The worker quickly gathers the wax flakes and begins to chew. Eventually, the hive is complete, with hexagonal cells for the brood and storage.
To control the wax and preserve a good texture, the bees cluster together. This, again, creates just enough heat so that the wax remains at a temperature which allows the bees to keep constructing.
Bee Hive Shapes
Wild beehives come in all shapes and sizes. The general shape is sort of oval with each honeycomb level forming horizontal lines. There is, however, one social bee who builds a little differently.
The stingless Carbonaria bee native to Australia builds its hive in a spiral shape. At first glance, it’s hard to tell that this is actually a beehive. Instead of building the classic horizontal shapes, it works clockwise.
Level after level, the hive forms a spiral. It’s not exactly sure why it does this, but some suggest it’s so the queen can better navigate the hive.
As the builders’ work, the queen walks behind them, laying eggs in the cells. The workers then go back, seals up the cell and continue to the next phase.
How Many Bees Live Inside the Hive?
Honeybees, killer bees, and stingless bees are renowned for being social and their hives can house an impressive number. The queen bee inside the hive can lay as many as 1,500 eggs per day. These eggs take approximately 21 days to fully develop into workers, and the average worker lives up to 50 days.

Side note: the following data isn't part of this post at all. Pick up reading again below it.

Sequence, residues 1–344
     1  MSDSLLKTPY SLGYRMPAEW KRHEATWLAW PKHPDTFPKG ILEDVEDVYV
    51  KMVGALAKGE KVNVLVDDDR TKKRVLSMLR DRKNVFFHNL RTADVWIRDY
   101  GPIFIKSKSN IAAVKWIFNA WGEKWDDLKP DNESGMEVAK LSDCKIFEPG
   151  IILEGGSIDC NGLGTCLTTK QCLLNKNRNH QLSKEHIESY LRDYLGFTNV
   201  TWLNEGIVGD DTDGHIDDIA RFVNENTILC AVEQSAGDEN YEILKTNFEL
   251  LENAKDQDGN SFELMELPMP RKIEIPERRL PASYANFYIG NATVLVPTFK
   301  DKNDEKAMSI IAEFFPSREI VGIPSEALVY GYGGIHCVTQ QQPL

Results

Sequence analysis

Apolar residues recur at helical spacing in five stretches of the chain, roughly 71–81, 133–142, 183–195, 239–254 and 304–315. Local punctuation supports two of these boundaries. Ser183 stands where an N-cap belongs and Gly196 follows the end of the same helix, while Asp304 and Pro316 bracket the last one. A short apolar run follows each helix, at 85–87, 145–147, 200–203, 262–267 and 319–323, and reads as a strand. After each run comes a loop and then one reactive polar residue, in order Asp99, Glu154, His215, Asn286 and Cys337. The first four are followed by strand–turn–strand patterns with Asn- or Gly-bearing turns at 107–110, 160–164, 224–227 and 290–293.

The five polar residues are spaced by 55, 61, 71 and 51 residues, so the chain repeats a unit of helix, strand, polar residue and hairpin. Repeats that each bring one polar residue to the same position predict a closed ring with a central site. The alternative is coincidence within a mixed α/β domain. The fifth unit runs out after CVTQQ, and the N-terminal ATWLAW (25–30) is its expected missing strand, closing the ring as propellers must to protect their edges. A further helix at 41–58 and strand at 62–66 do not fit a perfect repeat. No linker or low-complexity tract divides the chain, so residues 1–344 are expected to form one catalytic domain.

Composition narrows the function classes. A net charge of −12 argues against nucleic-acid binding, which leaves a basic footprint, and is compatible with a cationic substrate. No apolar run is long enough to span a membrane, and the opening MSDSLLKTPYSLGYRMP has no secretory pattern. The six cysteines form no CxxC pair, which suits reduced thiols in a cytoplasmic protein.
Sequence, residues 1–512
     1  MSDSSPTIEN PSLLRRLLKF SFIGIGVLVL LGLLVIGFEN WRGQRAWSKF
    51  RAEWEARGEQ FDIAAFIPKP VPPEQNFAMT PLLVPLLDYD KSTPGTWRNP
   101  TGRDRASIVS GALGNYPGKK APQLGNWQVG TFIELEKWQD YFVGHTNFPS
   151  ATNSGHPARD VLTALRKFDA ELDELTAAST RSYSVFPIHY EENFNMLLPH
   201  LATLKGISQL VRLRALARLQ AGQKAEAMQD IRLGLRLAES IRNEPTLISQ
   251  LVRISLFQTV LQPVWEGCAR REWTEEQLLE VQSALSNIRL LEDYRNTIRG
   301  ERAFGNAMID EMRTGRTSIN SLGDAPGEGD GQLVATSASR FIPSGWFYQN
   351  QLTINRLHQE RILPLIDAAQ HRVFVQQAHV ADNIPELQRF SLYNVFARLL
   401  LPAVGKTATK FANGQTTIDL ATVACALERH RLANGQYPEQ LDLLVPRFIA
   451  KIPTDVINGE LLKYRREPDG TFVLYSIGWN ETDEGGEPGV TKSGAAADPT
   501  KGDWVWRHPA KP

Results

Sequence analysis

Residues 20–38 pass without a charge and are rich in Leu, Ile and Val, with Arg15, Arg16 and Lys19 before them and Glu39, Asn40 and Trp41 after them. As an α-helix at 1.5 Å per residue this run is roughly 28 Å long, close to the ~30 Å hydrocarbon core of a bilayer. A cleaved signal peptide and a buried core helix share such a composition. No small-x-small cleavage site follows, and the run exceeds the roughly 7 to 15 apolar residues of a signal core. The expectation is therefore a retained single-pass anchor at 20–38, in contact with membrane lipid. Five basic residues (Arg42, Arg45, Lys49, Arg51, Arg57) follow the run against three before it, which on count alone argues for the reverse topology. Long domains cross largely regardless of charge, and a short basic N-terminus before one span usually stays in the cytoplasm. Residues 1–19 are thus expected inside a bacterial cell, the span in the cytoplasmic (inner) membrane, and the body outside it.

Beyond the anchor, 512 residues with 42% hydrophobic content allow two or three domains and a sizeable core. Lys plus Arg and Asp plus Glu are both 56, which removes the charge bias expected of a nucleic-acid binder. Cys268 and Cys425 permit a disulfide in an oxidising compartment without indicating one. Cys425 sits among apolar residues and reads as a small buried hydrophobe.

With these numbers in mind, it doesn’t seem too surprising that a beehive can host as many as 60,000 bees. These are mostly female workers who tend to the queen and brood.
The hive will continue to thrive as long as the workers are there. Even if a whole generation of workers died, new generations are being produced each day to replace them.
Not all bees live in hives—there are thousands of species in the world but only a small percentage actually build hives. Among these are honeybees, killer bees, and stingless bees. Although a hive may look small from the outside, you would be amazed at the number of occupants that are hiding within— can you believe it’s up to sixty thousand?